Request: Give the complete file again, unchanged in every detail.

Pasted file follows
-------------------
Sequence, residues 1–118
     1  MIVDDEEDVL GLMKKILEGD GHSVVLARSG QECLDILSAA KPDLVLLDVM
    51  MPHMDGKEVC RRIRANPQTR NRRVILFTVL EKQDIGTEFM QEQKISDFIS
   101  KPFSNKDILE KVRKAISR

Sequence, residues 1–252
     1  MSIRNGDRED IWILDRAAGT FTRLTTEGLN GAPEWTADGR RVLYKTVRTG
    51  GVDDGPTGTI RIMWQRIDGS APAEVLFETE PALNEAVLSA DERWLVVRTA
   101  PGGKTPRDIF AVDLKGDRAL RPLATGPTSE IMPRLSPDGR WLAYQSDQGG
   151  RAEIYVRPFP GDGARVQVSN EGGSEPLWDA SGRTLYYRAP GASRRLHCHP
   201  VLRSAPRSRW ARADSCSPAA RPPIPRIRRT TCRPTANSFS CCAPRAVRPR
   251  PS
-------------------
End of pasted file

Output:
Sequence, residues 1–118
     1  MIVDDEEDVL GLMKKILEGD GHSVVLARSG QECLDILSAA KPDLVLLDVM
    51  MPHMDGKEVC RRIRANPQTR NRRVILFTVL EKQDIGTEFM QEQKISDFIS
   101  KPFSNKDILE KVRKAISR

Sequence, residues 1–252
     1  MSIRNGDRED IWILDRAAGT FTRLTTEGLN GAPEWTADGR RVLYKTVRTG
    51  GVDDGPTGTI RIMWQRIDGS APAEVLFETE PALNEAVLSA DERWLVVRTA
   101  PGGKTPRDIF AVDLKGDRAL RPLATGPTSE IMPRLSPDGR WLAYQSDQGG
   151  RAEIYVRPFP GDGARVQVSN EGGSEPLWDA SGRTLYYRAP GASRRLHCHP
   201  VLRSAPRSRW ARADSCSPAA RPPIPRIRRT TCRPTANSFS CCAPRAVRPR
   251  PS